WASHINGTON, D.C. – (RealEstateRama) — U.S. Rep. Kathy Castor attended today’s oral arguments in West Virginia v. EPA in which certain states, utilities and fossil fuel companies are challenging President Obama’s Clean Power Plan at the U.S. Court of Appeals for the D.C. Circuit.
“America needs to move toward clean, renewable energy sources now to slow climate change through policies that support renewable energy and limit carbon emissions. Climate change is very costly to Florida families, our economy and local communities. EPA is right to implement the Clean Air Act to discourage carbon pollution and help states transition to clean energy solutions and boost the jobs of the future,” said U.S. Rep. Castor.
An extensive coalition of cities, including seven from Florida, is defending the Clean Power Plan because cities are the first responders when it comes to addressing climate change impacts like overwhelmed water infrastructure, extreme weather events and sea level rise. Local communities are spending hundreds of millions of dollars on protecting critical infrastructure, drinking water supplies, and beaches while families and businesses eye insurance costs.
“We must focus on innovative solutions as we transition to a clean energy economy like cogeneration plants, energy efficiency, solar technologies, and renewable energy so that we can meet carbon reduction targets. Extended litigation over the President’s plan to will only put us further behind. Instead of arguing, we should be moving to a clean energy economy and limiting the costs of the changing climate.”
“The Clean Power Plan is not only good for the environment, it is good for Florida’s workers. A recent study by E2 shows that, already, there are more than 2.5 million Americans working every day in the clean energy field at businesses across our country. Clean energy will create 1 million new jobs in America by 2030 and 2 million by 2050, according to a recent analysis by ICF International. At the same time, according to the Florida League of Cities, Florida has more private property at risk from flooding than any other state. Climate chance could cost $69 billion in coastal property damage by 2030 in and $152 billion in damage to coastal Florida properties by 2050. This is an issue we must face now to ensure our economic future.”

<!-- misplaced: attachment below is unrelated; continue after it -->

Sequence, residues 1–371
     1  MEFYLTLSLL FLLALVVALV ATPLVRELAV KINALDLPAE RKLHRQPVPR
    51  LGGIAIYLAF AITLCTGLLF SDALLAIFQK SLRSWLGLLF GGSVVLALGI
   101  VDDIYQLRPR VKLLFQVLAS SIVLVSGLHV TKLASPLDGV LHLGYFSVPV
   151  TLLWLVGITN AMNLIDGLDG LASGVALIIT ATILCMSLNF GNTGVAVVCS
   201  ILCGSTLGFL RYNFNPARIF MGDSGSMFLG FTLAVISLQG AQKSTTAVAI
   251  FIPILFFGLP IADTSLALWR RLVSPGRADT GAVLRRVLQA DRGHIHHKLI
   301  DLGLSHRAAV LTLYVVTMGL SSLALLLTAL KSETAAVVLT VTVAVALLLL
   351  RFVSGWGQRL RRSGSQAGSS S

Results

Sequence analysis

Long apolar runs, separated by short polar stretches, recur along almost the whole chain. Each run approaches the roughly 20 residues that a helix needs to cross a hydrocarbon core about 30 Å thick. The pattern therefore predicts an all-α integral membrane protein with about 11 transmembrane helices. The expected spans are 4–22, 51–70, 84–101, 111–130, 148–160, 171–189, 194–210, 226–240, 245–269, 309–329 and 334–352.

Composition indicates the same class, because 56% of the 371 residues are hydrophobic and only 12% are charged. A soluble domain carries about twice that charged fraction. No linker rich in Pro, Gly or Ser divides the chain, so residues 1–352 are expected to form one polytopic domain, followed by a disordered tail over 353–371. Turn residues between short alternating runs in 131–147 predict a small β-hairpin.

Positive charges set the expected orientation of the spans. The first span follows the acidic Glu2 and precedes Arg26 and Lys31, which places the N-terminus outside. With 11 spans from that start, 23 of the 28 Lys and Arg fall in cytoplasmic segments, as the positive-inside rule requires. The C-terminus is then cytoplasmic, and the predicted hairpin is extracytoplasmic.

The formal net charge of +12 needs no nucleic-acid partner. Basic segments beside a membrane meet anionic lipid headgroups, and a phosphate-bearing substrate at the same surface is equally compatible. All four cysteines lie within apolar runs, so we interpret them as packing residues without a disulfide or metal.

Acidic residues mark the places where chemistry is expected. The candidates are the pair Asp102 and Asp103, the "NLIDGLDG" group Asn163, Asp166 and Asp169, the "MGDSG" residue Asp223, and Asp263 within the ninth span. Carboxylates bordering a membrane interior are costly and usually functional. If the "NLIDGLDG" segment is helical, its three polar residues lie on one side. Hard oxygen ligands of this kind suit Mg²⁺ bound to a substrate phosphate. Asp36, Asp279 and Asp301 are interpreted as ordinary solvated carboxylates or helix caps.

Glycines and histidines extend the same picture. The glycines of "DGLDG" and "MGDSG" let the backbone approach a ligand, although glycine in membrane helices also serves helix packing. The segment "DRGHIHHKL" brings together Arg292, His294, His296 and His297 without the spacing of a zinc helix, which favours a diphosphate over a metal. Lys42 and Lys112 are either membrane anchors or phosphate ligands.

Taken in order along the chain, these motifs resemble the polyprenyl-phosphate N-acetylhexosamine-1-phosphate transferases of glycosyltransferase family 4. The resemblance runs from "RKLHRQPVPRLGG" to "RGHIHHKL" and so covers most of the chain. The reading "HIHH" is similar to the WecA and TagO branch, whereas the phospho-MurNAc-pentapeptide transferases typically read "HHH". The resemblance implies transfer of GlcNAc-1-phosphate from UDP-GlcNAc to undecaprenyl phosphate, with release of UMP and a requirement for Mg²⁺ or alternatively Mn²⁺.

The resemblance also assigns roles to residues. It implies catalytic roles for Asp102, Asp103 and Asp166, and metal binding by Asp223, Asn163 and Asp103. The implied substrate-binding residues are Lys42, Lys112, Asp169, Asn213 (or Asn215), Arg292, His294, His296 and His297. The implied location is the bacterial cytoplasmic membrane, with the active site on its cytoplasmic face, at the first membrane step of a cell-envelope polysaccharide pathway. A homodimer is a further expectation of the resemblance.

In Florida, 109,000 new jobs tied to clean energy construction and manufacturing will be created by 2030 and 206,000 jobs by 2050, according to the ICF International analysis.
“The Clean Power Plan sends a strong, clear message that it is time to invest in the jobs of tomorrow and the private sector is responding by ramping up investments and expanding hiring,” U.S. Rep. Castor stated. “In fact, many states are already on track to meet the carbon reduction goals and I heard arguments in favor of the Clean Power Plan in court today from some power companies.”
U.S. Rep. Kathy Castor (D-Florida) is a member of the Energy and Power Subcommittee of the House Energy and Commerce Committee
Source: U.S. Rep. Kathy Castor